Tuesday, 3 July 2012

The Flesh and Blood Show

1972
Dir. Pete Walker

A group of actors rehearsing a play in an old abandoned seaside theatre are menaced by a homicidal maniac.

When it comes to British horror cinema, writer/director/producer Pete Walker is often sorely overlooked. Beginning his career making mischievous soft-core sexploitation movies, Walker would later progress to deliberately antagonistic, subversive and antiauthoritarian shockers such as Frightmare, House of Whipcord and House of Mortal Sin. Amongst the bare breasts and splashy gore of these films were scathing social commentaries on British institutions such as class, family and the legal system. Unapologetic, violent, exploitative, strangely thoughtful and always anti-establishment in their outlook, Walker’s later films were controversial, not only because of the extreme content, but also because of their reflection on the darker, seedier underbelly of British society. Walker’s first tentative venture into the horror/thriller arena came with Die Screaming Marianne, featuring Susan George as a young woman on the run from her father, a corrupt judge. However it was with The Flesh and Blood Show that the director would really take the plunge into the murky depths of shock-cinema…

Unravelling as a sort of proto-slasher flick, The Flesh and Blood Show exhibits a few traits of the then still-to-be-established subgenre, such as its cast of sexed-up, nubile young people, the isolated location and the lurking killer ready to off the vestiphobic cast one by one. There are also several red herrings and shady characters that could well be capable of carrying out the grisly deeds. Like so many slasher films after it, Walker’s film follows a Ten Little Indians who-dunnit format; it is also rather gialloesque in its unveiling of the killer and his/her motives, as their obsessive psychosis stems from a past misdeed which they are doomed to relive over and over. When the film was first released, the flashback depicting the original crime was conveyed in 3D.



The most successful and frankly irresistible aspect of Walker’s film is the setting. The majority of events play out in an old run down theatre at the end of a pier. The establishing shots of the location are immensely moody and really articulate its remoteness and isolation in a small, misty, out of season seaside town. Inside the theatre await long shadowy hallways that disappear into pitch blackness. The sounds also provide an unsettling atmosphere. A low wind moans through the draughty corridors, water drips constantly from old pipes and ancient floorboards creak under the weight of the dark secrets enfolded within the building. Unfortunately a lot of the action is hard to follow because the location is so dark, and matters become confusing as it’s is hard to differentiate between the various characters as they tentatively, and in the case of the women, usually nakedly, explore the vast, spooky confines of the building.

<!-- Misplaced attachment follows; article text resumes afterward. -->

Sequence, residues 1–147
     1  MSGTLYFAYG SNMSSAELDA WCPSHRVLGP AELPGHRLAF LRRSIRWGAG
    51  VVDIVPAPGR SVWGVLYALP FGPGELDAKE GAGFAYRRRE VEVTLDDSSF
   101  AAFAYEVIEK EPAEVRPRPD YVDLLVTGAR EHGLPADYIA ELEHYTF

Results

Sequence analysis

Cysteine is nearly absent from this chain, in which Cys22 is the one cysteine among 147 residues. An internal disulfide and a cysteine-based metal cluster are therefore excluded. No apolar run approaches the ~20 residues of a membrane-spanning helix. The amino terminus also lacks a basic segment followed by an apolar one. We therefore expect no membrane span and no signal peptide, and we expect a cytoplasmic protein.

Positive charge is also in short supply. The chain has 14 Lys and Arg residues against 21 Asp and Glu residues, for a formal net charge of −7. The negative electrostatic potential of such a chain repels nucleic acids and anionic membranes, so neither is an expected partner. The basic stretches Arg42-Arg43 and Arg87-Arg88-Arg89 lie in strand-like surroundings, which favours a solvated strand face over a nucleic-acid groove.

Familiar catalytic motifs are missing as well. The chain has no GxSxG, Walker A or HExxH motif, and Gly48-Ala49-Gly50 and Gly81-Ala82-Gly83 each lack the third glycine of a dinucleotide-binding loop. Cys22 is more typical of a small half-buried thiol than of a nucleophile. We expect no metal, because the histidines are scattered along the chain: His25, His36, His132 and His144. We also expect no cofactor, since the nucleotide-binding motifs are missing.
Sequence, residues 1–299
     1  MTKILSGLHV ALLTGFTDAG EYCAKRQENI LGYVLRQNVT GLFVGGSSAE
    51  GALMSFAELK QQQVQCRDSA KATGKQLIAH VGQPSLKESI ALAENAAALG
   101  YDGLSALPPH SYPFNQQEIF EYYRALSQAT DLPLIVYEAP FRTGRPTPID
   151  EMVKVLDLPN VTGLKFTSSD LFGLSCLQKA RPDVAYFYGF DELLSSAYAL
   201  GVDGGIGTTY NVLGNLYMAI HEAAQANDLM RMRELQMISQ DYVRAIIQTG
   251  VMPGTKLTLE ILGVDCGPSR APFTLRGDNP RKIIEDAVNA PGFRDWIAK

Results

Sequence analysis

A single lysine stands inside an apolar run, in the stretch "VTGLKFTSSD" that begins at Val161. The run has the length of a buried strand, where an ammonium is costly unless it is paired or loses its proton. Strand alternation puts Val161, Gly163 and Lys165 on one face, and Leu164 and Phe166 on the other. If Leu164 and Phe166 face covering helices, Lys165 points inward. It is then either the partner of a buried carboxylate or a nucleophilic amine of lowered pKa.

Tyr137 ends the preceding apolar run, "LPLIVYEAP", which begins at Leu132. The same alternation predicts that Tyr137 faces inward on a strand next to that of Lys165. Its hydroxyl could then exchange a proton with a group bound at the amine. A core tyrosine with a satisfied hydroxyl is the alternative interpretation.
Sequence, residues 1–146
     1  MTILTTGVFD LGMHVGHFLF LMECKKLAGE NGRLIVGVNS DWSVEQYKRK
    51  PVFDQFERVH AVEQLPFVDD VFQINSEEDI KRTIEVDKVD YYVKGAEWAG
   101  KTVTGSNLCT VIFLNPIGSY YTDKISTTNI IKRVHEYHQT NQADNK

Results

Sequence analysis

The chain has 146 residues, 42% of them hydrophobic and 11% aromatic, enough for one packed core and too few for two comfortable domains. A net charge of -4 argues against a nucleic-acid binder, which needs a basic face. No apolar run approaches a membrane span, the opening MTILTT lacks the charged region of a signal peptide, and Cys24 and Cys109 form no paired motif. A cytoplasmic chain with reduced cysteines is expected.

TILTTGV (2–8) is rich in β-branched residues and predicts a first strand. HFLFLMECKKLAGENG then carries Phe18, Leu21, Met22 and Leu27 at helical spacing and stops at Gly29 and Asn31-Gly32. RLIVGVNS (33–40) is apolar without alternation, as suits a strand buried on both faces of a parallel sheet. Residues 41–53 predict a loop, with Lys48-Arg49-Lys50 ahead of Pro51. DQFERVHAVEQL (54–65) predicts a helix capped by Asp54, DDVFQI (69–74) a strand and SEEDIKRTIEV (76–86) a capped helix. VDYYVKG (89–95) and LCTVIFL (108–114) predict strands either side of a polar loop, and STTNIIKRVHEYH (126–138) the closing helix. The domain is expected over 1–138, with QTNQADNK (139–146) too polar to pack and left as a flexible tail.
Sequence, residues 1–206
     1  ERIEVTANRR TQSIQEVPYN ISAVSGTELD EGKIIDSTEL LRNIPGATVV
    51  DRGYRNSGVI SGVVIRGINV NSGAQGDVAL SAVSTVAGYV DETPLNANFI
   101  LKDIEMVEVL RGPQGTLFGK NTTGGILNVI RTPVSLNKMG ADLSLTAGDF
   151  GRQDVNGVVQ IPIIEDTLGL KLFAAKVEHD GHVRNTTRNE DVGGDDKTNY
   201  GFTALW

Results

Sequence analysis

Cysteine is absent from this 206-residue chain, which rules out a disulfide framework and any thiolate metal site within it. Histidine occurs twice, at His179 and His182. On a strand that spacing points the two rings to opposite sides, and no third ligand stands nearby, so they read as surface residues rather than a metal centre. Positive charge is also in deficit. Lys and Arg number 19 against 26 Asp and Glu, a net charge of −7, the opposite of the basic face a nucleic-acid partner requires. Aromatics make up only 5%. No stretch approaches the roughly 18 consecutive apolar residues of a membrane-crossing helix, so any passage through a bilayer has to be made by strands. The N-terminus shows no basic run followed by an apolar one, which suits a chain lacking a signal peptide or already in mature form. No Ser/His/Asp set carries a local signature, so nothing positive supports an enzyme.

Alfred Shaughnessy’s screenplay exhibits a number of slyly reflexive tendencies which initially toy around with what is real and what is not. The opening scene sets the precedent as a young naked woman answers a knock on her door in the middle of the night to a man with a knife in his chest. When she responds by screaming he proceeds to fall about laughing as it’s revealed he is an actor who has just finished working on a horror film and was playing a joke on her.



While Walker does get a number of things right – the creepy setting, the spooky atmosphere, the grim tone and the intriguing premise, The Flesh and Blood Show soon stumbles around as unsure and confused as the characters in the dark theatre. The script meanders and breaks any tension it has mustered. While writer Shaughnessy takes the time to establish the characters and Walker layers on the moodiness with a trowel, it’s all quite wasted by a convoluted plot that doesn’t seem to go anywhere. With a little tightening up; the script could have been really sharp and shocking. The pacing is also rather uneven and any suspense generated by certain scenes in which characters wander around in the dark unaware of the danger they’re in from a heavy-breathing psycho is eroded by too many other moments in which they stand around and discuss how creepy the theatre is, rehearse their play, take off their clothes, go out to the town to get coffee or complain about the chilliness while wearing very little. Much talk of Theatre Group 40, the mysterious company that summoned the actors to the theatre, is sadly unexplored until the end.

While The Flesh and Blood Show may provide mildly exploitative entertainment, for a film with a title such as this, there’s too much flesh and not enough blood, and the overwhelmingly creepy locale and premise is sadly wasted. Still worth checking out though for fans of Walker’s later, more bloodily realised titles.

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